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July 12, 2013

Freedom of expression groups urge Baroness Ludford to support strong privacy law

In response to concerns about PRISM and security agency access to people's online data, ORG, Index on Censorship, English PEN and Article 19 have written to UK MEP Baroness Ludford urging her to support a strong Data Protection Regulation.


Context: European policy makers are discussing an update to European data protection law. ORG and others have grown concerned  that the proposals are being watered down. You can read about what's been happening in our report, or visit the campaign site 'NakedCitizens' to contact your MEP.  

The recent revelations about the breadth of security agency access to Internet data has underlined the importance of privacy online. A strong data protection law could go some wat to putting people back in control of how their data is used. Baroness Ludford has a key role in this debate - she is a 'shadow rapporteur'  in the key Civil Liberties, Justice and Home Affairs (LIBE) Committee in the European Parliament, negotiating what their position should be on the proposed new Data Protection Regulation.

Below is the letter to the Baroness from ORG, Index on Censorship, Article 19 and English PEN. 

Friday 12th July 2013 

Dear Baroness Ludford,


We are writing to you about data protection. Following the revelations about PRISM and other surveillance by the NSA, we urge you to support a Data Protection Regulation that helps people regain control of their personal data. We would like to request a meeting to discuss our concerns.

MEPs now have a unique opportunity to show leadership by supporting the privacy rights of EU citizens and to establish the European Union as a centre for trusted data processing. As a shadow rapporteur on the dossier, and as an MEP with a track record of promoting human rights, you are in an especially powerful position to achieve this.

We represent UK civil society groups that work to promote and defend the right to freedom of expression. The connection between privacy and freedom of expression is clear. If people are not confident about who can collect information about them and their communications, they will likely refrain from saying certain things or meeting certain people.

Huge damage to trust in online services has been done by recent revelations. This has been to the detriment of both the exercise of fundamental rights and the development of new and innovative services.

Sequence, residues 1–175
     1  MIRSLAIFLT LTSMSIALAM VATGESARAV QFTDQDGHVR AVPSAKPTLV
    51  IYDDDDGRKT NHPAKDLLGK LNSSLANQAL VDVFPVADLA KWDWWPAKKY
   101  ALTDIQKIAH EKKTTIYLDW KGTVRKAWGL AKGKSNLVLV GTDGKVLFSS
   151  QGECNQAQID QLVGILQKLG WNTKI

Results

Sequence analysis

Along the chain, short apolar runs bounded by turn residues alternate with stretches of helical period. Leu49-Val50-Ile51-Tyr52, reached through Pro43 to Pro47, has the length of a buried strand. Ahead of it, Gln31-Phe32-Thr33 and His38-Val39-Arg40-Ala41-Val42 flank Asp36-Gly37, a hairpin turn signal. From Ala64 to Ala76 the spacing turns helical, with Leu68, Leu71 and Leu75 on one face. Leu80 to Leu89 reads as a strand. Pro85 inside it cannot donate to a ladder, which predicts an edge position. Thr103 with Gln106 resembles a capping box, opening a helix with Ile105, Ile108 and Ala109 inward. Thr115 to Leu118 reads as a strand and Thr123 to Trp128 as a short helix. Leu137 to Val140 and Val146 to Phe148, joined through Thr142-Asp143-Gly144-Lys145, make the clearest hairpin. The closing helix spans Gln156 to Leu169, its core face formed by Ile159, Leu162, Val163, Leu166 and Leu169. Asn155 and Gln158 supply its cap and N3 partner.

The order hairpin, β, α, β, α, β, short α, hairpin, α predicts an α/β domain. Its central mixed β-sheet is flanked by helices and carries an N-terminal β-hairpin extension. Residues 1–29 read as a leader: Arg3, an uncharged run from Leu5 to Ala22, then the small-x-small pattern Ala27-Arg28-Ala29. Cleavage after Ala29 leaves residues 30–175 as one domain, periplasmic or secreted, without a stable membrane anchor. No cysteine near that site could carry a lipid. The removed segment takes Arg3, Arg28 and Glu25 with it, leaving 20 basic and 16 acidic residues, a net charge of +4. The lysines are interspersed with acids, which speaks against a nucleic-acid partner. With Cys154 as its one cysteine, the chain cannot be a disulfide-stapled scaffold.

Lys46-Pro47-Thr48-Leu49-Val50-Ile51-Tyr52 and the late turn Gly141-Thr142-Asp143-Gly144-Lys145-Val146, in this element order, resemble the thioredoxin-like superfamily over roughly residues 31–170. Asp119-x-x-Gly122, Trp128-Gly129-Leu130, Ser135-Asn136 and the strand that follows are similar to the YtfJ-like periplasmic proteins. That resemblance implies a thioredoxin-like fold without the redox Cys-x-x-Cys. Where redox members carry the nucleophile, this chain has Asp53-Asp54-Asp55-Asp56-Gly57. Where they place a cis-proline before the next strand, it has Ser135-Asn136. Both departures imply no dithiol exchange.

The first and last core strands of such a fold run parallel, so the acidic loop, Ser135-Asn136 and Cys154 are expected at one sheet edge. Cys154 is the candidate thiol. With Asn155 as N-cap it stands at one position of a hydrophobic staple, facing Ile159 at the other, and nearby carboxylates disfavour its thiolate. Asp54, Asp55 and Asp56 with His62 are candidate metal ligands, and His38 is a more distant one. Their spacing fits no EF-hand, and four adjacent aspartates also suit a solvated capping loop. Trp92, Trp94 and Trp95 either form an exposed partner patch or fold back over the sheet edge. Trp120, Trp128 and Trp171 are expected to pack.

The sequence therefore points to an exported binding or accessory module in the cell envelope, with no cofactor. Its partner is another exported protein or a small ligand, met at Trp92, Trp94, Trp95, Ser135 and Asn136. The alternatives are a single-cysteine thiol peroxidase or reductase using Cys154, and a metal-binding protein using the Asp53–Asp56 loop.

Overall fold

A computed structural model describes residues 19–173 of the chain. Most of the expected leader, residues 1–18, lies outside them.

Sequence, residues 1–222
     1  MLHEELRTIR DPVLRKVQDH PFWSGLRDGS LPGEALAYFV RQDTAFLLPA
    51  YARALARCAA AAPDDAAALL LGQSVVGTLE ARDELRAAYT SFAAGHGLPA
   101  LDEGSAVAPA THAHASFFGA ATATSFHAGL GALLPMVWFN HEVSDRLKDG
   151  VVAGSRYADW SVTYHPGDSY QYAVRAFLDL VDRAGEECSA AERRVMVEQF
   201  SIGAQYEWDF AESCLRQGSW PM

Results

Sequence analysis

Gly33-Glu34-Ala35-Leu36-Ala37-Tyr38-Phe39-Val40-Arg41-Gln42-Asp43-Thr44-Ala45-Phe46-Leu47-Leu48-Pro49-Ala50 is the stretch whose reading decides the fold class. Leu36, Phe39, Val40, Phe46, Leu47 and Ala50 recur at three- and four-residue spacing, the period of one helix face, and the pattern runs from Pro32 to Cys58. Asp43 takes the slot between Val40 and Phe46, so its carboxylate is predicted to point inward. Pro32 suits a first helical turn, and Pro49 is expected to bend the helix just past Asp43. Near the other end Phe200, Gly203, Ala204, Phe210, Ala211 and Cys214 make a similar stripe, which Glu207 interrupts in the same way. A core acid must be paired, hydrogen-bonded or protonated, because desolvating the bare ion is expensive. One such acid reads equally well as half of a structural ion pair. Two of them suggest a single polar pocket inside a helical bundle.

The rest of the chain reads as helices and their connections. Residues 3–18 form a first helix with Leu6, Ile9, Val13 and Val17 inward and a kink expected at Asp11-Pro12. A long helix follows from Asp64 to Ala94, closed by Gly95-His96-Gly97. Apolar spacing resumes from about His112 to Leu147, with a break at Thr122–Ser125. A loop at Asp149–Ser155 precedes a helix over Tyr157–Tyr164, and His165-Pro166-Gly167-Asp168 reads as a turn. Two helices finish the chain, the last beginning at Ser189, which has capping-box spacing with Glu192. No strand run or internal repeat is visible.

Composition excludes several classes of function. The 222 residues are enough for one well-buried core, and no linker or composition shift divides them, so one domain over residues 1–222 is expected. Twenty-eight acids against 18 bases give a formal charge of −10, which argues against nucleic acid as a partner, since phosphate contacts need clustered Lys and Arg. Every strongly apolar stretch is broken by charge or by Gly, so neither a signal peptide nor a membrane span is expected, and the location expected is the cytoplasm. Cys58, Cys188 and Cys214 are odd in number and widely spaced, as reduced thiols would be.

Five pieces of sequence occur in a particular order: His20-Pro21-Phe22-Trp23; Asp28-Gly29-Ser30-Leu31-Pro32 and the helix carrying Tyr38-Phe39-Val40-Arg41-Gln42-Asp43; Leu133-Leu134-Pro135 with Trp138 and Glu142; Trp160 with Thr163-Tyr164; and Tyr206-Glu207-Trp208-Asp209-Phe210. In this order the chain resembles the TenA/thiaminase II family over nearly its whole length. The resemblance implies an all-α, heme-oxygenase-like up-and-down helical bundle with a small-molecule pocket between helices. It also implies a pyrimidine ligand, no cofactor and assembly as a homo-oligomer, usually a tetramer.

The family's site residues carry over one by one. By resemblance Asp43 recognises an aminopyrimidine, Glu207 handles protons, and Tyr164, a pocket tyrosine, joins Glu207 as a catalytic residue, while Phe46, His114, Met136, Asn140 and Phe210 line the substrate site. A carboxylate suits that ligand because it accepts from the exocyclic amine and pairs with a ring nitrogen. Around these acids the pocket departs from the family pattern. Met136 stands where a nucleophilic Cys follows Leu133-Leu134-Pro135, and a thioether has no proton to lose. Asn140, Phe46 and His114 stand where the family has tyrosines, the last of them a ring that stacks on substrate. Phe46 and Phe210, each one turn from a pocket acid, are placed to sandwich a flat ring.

Too often, people do not know how their information will be used, where it will be processed or who will have access to it. This is partly because the principles of the current data protection laws are insufficiently implemented. We believe the new Data Protection Regulation could give people more control over what happens to their information, and ensure those that collect and use data adhere to the rules.

The PRISM revelations demonstrated that we cannot cleanly separate regulation that governs the use of personal data by commercial actors from the access to that data by public bodies such as law enforcement. Having participated in the European Parliament discussions on SWIFT, PNR and data retention, you have seen this development over recent years. It is imperative that EU citizens benefit from a legal framework that protects them from secret and disproportionate violations of their privacy.

We welcome and support your desire to see Article 42 reintroduced into the Regulation. This is certainly an important building block towards addressing the ease with which people's data was accessible to the NSA.

However, this alone is insufficient. There are three further steps we urge you to take:

1. Support amendments that will help people retain control over their data. Whilst people may struggle to control surveillance bodies' access to their data, they can manage this risk if they have sufficient control over how their information is used and how much they permit use of in the first place. 

So we urge you to support 'explicit' consent, more transparency for data subjects, data minimisation, restrictions on profiling, stronger sanctions and a definition of personal data that includes 'singling out'. “The 'right to erasure' is and should be a limited right. It should allow people to secure the removal of content they provide to platforms such as social networks but not mean that people can simply erase their past from the Internet.

We also urge you not to support carve-outs for pseudonymous data (for example amendment 904) and for broad 'legitimate interest' exceptions (such as 873). We urge you not to support a 'context' based approach (as proposed in amendments such as 850) that will add complexity for smaller businesses, decrease transparency for data subjects, and put decisions about when data use is acceptable in the hands of those wishing to use it.

2. Reinstate the text deleted by your amendment 1210. Whether data may be transferred to a third country or international organisation will be an important consideration to anybody deciding whether they wish their information to be collected or used. It will be difficult to establish the EU as a centre for trusted online data processing if companies can export data without informing the data subject.

3. Support further amendments that will boost protections against PRISM-like surveillance. We suggest this includes amendments 806, 2385, 2386, 2390, 2529, 2531, 2602, 2637, 2748, 2752, and 2950.


We very much hope to discuss this further with you in person.

 

Yours sincerely,

Barbora Bukovská, Article 19, Senior Director for Law and Policy
Jo Glanville, Director, English PEN
Kirsty Hughes, Chief Executive, Index on Censorship
Jim Killock, Executive Director, Open Rights Group